Record number of Childline calls about gender issues

sad child on the phone, childline
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The number of calls to charity helpline, Childline, about gender issues has reached record levels.

The NSPCC’s 24-hour service has reported 2,769 counselling sessions with children with gender dysphoria in 2015 to 2016. The number of sessions has more than doubled since Childline began recording statistics in 2012 to 2013.

The charity also reported that children as young as 11 are turning to Childline because they feel they were born the wrong gender.

This year, the charity has revealed that young trans people have told them that they have suicidal thoughts, self-harmed or suffered from mental health issues, which often stemmed from abuse, bullying and a lack of support.

A 13-year-old transgender boy told Childline: “I’m being bullied on my social network account about being transgender and it’s awful.”

“They constantly send me hateful messages and tell me to kill myself.”

“I think it’s someone at school as they seem to know things about me. I have tried blocking them but they make new accounts so I just can’t escape it.”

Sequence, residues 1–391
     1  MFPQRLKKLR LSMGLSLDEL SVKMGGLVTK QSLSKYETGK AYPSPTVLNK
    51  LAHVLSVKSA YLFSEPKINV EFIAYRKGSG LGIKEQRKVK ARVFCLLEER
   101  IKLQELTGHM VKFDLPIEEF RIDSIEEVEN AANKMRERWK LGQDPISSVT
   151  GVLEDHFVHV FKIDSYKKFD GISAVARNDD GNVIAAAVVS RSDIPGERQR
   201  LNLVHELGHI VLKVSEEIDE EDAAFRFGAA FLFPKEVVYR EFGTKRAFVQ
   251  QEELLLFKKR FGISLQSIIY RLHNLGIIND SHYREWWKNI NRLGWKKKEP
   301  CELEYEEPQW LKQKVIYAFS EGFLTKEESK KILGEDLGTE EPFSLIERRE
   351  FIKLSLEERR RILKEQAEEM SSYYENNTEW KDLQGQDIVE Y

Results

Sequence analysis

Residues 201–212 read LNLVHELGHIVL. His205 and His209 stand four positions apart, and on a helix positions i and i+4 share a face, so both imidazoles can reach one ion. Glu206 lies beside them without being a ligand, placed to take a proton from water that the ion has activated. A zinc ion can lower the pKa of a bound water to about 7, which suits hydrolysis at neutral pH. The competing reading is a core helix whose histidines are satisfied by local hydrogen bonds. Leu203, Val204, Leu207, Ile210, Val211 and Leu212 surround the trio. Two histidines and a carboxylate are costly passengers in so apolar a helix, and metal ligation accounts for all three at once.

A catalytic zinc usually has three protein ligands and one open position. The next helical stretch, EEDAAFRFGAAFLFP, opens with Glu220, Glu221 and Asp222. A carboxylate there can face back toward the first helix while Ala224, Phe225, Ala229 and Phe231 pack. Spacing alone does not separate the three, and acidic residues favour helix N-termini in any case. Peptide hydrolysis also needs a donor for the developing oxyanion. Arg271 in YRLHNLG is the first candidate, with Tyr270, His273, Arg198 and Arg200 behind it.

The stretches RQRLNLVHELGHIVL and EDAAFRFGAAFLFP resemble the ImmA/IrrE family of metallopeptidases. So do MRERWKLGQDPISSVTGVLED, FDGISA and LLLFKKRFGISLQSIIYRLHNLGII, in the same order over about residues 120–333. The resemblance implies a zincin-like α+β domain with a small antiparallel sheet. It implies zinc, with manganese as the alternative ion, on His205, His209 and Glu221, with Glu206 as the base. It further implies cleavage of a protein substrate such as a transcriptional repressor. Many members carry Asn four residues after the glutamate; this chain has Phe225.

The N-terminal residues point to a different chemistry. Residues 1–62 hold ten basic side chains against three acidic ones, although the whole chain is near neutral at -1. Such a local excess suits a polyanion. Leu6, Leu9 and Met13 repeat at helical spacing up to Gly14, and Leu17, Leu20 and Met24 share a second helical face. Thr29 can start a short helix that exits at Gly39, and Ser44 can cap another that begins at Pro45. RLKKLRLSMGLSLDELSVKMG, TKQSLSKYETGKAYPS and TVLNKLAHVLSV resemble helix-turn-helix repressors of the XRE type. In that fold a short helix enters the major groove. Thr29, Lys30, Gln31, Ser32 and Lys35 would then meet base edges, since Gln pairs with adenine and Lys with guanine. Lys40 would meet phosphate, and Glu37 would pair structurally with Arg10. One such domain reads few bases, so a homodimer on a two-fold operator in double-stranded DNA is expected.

A 16 year old transgender girl also told Childline the struggle with confiding in others and of frustration with mental health services. She said, “I hate my body and feel hopeless and frustrated by mental health services.”

“It’s really difficult to talk to my parents as they don’t understand. I can’t cope with another year like this one.”

The NSPCC are now calling for a more supportive and ‘open’ society, where people don’t feel ashamed or scared to come forward about their concerns.

Speaking about the figures, Peter Wanless, CEO at NSPCC, said, “We cannot call ourselves a modern society if we stigmatise children just because they feel different.”

“It is vital that children have support otherwise, as they tell us all too often, they suffer.”

“When a child is made to feel ashamed about who they are, it can trigger serious mental health issues and crippling shame.”

“It’s vital young people are confident that if they speak out they will be able to try and navigate these confusing and complex feelings without also having to fight prejudice and abuse.”

“Adults must support a child as they explore what they’re feeling and guide them to get the right help when necessary.”

Alison Simpson
About the author

Alison is the Digital Content Editor for WeAreTheCity. She has a BA Honours degree in Journalism and History from the University of Portsmouth. She has previously worked in the marketing sector and in a copywriting role. Alison’s other passions and hobbies include writing, blogging and travelling.

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